Bipolar Disorder & Breakdown in the Australian Senate

Biopolar disorder and nervous breakdowns are hard to survive in the best of circumstances. Mary Jo Fisher went through hers while in the Australian Senate. She made the news for quoting The hokey Pokey in parliament, but what was not reported was that she was in the midst of a severe depressive episode.

Mary Jo Fisher laughs when looking at her famous parliamentary performance. "I remember this. I was having a great time. I never dreamt it would get one scintilla of anyone's attention. That's not why I did it. I was just doing my work in the Australian Parliament."
Her husband John Crosby agrees. "I thought it was brilliant. That's typical Mary Jo, that's exactly what she would have done. People will see that as part of her problem but it's not. That's just her personality."


However, Mary Jo had been unstable before. "That was after a really long period, and preceded a subsequent period of deep dark melancholy. You go in to this place that's so dark you can't imagine you can ever get out of it."

Mary Jo Fisher became a Liberal Senator for South Australia on 12 June 2007. She had previously served as an advisor to Peter Reith and Tony Abbott.

"I never really thought I'd be a politician. I did want to help people and politics is the best way to do that. I wanted to do things for country people, for rural communities."

John; "I think it's fair to say that the Senate improved her, at the start. But as the pressure started to build over time it made it hard for her to function in a way that public figures are required to function. She was consistently missing early morning meetings; she was consistently not being ready to go to Canberra.”

Mary Jo; "There are plenty of colourful characters in parliament but there are also lots of conservative personalities, and I think they would have found my behaviour rather bizarre. I would interject at inappropriate times; I would laugh when I thought something was hilarious and wonder why nobody else is laughing." "You look back and you realise that the behaviour was probably pretty bizarre but it has been developing for a long time so I didn't notice the difference."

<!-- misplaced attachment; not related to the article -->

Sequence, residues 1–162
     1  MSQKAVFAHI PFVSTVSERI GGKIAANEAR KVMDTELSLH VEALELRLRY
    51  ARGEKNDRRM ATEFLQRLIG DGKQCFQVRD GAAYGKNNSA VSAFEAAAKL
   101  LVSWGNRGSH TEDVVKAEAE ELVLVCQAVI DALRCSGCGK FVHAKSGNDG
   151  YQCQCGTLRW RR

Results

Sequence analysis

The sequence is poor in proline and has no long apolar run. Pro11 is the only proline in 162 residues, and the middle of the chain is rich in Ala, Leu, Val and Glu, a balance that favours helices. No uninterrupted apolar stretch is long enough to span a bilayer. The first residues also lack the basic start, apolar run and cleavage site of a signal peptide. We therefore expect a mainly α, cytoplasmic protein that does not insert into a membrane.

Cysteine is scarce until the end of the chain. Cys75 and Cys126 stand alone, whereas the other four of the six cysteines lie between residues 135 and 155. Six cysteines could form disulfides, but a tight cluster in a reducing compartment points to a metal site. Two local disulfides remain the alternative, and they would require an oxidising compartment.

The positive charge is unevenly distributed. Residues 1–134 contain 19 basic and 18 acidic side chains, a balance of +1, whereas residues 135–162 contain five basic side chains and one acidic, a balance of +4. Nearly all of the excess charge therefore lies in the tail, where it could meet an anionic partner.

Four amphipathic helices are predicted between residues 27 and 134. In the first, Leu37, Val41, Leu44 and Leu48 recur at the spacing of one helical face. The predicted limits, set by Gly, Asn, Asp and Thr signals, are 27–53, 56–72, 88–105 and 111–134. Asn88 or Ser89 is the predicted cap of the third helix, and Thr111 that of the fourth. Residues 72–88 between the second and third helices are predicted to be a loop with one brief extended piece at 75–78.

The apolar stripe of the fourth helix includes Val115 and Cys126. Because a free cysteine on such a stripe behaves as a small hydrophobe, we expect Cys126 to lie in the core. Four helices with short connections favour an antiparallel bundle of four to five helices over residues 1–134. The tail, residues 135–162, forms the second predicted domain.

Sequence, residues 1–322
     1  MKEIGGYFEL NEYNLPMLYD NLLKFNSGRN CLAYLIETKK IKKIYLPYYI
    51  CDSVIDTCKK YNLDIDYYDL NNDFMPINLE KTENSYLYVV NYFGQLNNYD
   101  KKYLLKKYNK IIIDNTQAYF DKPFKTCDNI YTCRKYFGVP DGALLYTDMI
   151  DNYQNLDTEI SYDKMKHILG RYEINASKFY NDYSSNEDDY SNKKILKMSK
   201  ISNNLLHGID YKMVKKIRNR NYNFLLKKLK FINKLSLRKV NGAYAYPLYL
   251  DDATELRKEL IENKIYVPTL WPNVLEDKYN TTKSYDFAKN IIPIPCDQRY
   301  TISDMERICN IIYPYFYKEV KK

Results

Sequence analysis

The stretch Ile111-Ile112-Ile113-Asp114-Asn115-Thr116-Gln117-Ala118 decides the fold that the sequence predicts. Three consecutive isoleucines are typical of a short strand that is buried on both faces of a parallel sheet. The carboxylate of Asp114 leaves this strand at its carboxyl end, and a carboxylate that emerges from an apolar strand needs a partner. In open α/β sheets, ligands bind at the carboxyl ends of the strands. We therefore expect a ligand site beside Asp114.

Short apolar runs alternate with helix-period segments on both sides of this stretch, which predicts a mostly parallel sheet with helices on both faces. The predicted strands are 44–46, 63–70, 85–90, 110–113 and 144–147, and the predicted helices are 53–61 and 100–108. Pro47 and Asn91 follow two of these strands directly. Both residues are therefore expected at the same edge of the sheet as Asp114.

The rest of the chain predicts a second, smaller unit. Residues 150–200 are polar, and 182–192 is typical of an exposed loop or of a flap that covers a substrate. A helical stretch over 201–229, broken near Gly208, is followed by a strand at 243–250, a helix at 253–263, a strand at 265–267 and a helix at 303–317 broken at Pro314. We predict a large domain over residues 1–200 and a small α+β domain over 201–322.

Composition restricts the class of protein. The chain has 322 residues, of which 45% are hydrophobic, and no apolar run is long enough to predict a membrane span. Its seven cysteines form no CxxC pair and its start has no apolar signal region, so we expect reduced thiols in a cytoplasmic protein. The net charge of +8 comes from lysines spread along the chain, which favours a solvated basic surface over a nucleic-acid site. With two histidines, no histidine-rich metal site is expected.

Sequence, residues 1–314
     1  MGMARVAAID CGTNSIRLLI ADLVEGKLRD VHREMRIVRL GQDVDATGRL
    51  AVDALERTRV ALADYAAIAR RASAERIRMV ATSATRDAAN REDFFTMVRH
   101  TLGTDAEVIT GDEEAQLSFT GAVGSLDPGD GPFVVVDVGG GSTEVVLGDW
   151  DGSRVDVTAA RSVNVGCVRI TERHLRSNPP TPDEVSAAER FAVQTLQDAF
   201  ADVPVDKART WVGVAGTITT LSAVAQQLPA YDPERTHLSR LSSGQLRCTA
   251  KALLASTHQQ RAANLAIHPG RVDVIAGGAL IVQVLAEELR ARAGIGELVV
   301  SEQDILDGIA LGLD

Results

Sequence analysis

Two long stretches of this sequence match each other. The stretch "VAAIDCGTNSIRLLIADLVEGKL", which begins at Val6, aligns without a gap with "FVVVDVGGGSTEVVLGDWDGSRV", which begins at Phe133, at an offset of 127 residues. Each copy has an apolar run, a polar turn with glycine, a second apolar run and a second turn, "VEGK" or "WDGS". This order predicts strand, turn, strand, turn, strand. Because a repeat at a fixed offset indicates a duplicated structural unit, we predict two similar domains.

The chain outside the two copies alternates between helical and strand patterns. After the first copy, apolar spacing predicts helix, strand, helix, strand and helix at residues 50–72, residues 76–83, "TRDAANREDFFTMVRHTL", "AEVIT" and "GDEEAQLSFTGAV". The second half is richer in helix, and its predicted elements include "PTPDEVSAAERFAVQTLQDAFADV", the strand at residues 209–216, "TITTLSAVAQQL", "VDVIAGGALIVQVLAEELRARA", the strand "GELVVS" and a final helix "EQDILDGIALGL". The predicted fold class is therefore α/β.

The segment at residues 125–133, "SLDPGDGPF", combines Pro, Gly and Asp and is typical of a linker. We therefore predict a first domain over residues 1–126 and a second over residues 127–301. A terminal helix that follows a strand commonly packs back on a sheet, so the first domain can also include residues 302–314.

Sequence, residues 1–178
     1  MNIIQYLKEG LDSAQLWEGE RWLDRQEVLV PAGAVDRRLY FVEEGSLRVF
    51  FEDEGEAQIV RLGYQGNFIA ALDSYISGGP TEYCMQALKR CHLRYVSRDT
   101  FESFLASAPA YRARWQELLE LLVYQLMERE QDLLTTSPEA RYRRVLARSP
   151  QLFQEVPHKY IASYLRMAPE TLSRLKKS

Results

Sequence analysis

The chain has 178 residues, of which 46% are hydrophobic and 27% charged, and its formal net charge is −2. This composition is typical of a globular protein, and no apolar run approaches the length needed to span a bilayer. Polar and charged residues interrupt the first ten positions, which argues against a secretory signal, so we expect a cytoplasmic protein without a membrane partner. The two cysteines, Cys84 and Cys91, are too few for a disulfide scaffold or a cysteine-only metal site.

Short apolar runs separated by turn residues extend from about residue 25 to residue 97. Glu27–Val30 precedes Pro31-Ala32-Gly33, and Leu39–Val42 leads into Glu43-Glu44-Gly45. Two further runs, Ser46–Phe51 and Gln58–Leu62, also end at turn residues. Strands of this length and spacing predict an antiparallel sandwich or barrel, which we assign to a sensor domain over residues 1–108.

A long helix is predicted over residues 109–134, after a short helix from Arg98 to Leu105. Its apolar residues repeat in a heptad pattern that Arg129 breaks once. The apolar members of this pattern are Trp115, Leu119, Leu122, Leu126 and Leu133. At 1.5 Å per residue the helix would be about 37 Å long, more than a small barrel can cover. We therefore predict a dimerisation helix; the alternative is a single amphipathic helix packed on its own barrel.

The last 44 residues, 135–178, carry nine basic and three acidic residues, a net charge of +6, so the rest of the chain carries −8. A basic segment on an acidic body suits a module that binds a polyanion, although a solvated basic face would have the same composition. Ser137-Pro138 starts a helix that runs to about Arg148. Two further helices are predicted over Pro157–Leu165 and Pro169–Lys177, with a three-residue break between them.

"John had been saying for a long time, 'You've got issues, you need to change your behaviour.'" He wrote a letter and sent it to their Canberra apartment.

"I don't think I'd ever gotten a letter from John, ever. And this was one of his best; it was a bastard of a letter. It was very hard to read. Essentially he was saying that he wanted back the girl he married, and that if she didn't get her back she would make some mistakes."
It was the catalyst for her to seek professional help. But her job made that difficult. "How do I get help without it becoming public that I'm suffering from a mental illness? Because if I am, how can I then do my job?"

She ended up using a pseudonym to see a psychiatrist, and was first diagnosed with chronic depression in 2009, and later bipolar disorder. In December 2010 she was caught shoplifting 92.83 worth of groceries from an Adelaide supermarket. It was several months before the news became public. She had little or no memory of the events.


Mary Jo; "You have to face up. You’re accountable to the public. There's no hiding from it. I had to be accountable but I didn't feel like I was in control of what happened."

In November 2011 Mary Jo was cleared of shoplifting after the Magistrate found, due to her mental state, she had not intended to steal the groceries. She was found guilty of assaulting a security guard at the supermarket, but the charge was dismissed and no conviction was recorded. Mary Jo continued working as a Senator.

On 16 June 2012, Mary Jo was caught shoplifting a second time, with 73.62 worth of groceries. She was placed on a two year, $800 good behaviour bond.

"All I can say is that was a day I should never have gone out and I had a sense of foreboding. As soon as that happened, I thought I have to resign. The most difficult, horrible decision I've made in my life but I didn't anguish over it. It was a no-brainer. I had to go."

John: "It's clearly devastating she's always been a public person, she's always been somebody that liked the public profile. To walk away from that is a really big step for anybody. And it was a really big step for her."

Mary Jo; "I was totally lost. Because the pinnacle of helping people, I'd destroyed that ability by my own hand. That's pretty soul-destroying. It sounds corny, but that's been my raison d'etre for as long as I can remember."

“A couple of weeks after I'd resigned I got a call from my now-CEO saying 'I’ve got a job for you to do and I want you to do it. And I'll never forget saying, 'I thought I was the nutjob. Are you for real?' and he said, 'forget about that. That just makes you accessible to me at a price I can now afford. That gave me the first step back to be able to help people again.”

Mary Jo is now the Workplace Relations Advisor for Printing Industries Australia. Beyond Blue has also brought her on as an ambassador. She regularly runs seminars on mental health in the workplace. It's been over two years since she has had an episode.

"Everything was already out there. So why hide? This is now my opportunity to help people."

"I don't mind being remembered as 'that nutjob from the Senate'. Politicians are humans. They’re human beings too. But I also want 'that nutjob from the Senate who used that to help other people."

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